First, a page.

The Charm of Older Churches

by blackspanielgallery

There is a different feel when in an older church than a modern church. I find this to be a charm that is significant.

I have been in older churches. In fact, my parish when I was a child had two Roman Catholic churches. Even back in the fifties, these two churches were old. I was born in New Orleans, and the city has just reached three hundred year. I cannot imagine the much older churches of Europe, and what they must be like.

Over the years there have been parishes split as people built new subdivisions, so new churches had to be constructed. I have been in some of these, and there is a difference. The older churches have a different atmosphere. This charming atmosphere is made of many things. Some might not be known to younger people.

The Pulpit

Today, the homily is given from a side of the altar at a podium.  But the churches I remember had raised pulpits, each enclosed with a short rail that protected the priests from falling.  There were steps, and a gate that could be closed for physical protection.  The pulpit often was attached some height above the floor, perhaps about six feet, to a large column, part of the support for a vaulted ceiling high above.  Above the pulpit was a wooded shell, designed to reflect sound towards the congregation.  These churches were constructed before electricity, so modern sound systems were not part of the original construction.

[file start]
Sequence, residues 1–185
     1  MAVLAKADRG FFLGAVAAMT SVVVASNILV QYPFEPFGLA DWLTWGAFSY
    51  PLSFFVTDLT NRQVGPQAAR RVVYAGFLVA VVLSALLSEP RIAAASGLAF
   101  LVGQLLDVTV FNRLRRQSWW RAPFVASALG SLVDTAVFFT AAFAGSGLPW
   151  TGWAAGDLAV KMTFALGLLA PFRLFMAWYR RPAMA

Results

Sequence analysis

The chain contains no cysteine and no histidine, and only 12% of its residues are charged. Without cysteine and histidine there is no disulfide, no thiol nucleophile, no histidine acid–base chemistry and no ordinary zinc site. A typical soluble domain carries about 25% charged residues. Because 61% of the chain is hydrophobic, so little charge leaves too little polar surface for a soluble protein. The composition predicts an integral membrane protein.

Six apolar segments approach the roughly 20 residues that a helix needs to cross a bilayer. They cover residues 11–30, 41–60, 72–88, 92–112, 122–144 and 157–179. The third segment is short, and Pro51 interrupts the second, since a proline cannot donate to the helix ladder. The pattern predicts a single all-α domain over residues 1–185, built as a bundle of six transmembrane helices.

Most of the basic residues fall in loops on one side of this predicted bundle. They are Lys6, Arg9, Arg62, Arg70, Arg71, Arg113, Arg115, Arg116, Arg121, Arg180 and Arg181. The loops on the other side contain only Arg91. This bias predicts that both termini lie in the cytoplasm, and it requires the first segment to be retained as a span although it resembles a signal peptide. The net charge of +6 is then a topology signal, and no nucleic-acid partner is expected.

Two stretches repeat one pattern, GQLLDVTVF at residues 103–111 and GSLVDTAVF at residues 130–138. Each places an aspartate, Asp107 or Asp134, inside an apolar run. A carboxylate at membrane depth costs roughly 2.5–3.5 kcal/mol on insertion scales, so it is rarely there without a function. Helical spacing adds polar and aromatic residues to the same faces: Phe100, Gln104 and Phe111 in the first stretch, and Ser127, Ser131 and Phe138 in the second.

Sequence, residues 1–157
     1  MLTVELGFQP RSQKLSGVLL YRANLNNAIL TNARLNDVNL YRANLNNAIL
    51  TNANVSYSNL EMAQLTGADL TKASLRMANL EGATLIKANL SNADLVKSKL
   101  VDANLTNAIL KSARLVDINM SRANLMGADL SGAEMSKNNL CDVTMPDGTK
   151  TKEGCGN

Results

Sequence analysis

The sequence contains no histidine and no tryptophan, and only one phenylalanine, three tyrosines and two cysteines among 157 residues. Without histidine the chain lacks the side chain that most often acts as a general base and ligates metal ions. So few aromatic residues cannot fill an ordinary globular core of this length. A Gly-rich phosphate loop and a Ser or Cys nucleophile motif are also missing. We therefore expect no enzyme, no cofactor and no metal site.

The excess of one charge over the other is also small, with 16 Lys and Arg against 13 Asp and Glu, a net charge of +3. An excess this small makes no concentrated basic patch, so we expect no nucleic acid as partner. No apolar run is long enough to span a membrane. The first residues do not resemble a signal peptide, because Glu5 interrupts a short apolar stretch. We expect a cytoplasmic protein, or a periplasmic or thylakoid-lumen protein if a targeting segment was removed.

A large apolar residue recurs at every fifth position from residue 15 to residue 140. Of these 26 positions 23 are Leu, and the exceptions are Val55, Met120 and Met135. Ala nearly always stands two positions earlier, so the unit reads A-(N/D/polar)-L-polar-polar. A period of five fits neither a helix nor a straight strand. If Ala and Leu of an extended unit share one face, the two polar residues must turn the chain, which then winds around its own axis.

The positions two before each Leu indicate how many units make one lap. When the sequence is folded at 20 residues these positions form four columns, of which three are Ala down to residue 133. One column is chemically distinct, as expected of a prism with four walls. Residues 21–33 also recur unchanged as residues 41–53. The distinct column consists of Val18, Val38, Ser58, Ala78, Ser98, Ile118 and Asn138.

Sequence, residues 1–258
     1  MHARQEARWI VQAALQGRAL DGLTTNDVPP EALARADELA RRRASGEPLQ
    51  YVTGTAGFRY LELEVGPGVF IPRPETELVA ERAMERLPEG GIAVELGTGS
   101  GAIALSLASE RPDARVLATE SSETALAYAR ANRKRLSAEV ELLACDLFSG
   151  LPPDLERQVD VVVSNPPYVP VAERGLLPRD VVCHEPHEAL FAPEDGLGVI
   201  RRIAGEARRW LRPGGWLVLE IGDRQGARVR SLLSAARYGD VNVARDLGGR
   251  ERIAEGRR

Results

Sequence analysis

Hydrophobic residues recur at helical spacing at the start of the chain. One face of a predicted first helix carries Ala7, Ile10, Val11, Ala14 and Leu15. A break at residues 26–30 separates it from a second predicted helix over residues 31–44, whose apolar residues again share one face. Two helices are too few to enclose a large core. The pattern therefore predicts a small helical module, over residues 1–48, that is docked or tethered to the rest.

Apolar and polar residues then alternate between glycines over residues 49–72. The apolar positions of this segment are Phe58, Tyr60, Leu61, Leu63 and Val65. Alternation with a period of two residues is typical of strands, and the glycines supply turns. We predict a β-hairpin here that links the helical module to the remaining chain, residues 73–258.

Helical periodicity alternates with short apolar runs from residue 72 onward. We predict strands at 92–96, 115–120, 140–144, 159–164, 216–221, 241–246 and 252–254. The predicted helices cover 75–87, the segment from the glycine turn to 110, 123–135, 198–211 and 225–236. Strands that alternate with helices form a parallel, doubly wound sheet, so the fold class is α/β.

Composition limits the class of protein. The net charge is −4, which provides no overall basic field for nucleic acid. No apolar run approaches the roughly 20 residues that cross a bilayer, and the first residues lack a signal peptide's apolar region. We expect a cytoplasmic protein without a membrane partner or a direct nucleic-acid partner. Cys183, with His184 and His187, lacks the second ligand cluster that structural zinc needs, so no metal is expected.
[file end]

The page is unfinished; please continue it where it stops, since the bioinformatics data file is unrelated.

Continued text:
More About the Parish with Two Churches

I lived in a very unusual parish where we had multiple Roman Catholic churches. Two of these churches were practically across the street from each other.

The Stained Windows

Stained glass windows were used as teaching tools.  They often showed Biblical scenes.  There was an effort by the artists who designed them to be accurate.  Today, color is all that many stained glass windows have, and those with images usually have fewer graduations from shade to shade.  The art is much less impressive in many modern stained glass windows.

 

The colors on the pews and floors were often diffuse.  Glass is amorphic, meaning it has no crystal form.  Older windows often look wavy.  This is because glass flows, although slowly.  Old glass has varied thickness, which causes light to refract with less sharp projections.  This is part of the charm.

More on Stained Glass windows

Stained glass can be inspiring. Large stained glass windows illuminate in beauty, and allow colors to penetrate to the area within the structure of which they are part.

The Altar Rail